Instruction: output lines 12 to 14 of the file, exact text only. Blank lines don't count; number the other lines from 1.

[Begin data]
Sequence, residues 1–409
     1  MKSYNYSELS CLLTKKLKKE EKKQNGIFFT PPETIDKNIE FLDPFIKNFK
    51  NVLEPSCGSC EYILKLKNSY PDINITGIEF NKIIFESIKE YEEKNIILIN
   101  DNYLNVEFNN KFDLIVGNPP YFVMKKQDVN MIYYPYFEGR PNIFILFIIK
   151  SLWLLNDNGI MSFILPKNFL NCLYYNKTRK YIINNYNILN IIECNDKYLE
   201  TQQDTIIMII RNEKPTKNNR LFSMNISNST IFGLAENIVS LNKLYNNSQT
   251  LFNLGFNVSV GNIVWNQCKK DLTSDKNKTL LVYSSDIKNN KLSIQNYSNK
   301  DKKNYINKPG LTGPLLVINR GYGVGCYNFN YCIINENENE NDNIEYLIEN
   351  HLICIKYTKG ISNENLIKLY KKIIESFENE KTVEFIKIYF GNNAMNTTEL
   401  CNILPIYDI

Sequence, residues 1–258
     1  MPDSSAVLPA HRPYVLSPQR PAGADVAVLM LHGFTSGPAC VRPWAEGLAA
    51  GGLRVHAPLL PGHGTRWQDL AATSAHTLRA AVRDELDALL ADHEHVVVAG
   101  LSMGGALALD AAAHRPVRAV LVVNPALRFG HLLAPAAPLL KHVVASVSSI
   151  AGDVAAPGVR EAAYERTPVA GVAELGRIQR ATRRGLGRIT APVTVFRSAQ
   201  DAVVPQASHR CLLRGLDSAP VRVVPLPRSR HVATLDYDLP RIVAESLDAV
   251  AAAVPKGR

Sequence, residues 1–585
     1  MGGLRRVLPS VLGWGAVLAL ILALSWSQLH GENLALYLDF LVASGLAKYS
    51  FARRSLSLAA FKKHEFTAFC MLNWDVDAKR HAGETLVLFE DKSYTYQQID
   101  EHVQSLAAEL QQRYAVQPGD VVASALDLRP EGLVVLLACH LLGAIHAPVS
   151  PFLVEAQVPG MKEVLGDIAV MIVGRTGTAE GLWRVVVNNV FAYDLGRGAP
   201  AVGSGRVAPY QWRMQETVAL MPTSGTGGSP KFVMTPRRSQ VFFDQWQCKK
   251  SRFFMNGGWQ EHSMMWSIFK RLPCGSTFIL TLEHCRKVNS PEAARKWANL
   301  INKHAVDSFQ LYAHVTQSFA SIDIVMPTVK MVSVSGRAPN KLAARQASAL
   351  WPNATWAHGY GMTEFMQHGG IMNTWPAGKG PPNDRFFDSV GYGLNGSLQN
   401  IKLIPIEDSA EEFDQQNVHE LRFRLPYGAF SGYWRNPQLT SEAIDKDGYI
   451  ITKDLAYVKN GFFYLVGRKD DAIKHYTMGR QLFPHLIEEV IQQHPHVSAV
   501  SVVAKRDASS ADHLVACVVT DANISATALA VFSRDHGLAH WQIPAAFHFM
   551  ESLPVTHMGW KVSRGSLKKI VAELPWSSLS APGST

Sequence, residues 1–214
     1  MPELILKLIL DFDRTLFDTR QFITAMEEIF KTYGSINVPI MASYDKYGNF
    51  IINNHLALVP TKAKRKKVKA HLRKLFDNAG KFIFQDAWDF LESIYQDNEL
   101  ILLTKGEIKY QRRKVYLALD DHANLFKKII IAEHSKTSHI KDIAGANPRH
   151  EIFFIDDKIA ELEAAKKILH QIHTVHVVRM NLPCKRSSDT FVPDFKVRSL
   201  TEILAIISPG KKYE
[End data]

     1  MPDSSAVLPA HRPYVLSPQR PAGADVAVLM LHGFTSGPAC VRPWAEGLAA
    51  GGLRVHAPLL PGHGTRWQDL AATSAHTLRA AVRDELDALL ADHEHVVVAG
   101  LSMGGALALD AAAHRPVRAV LVVNPALRFG HLLAPAAPLL KHVVASVSSI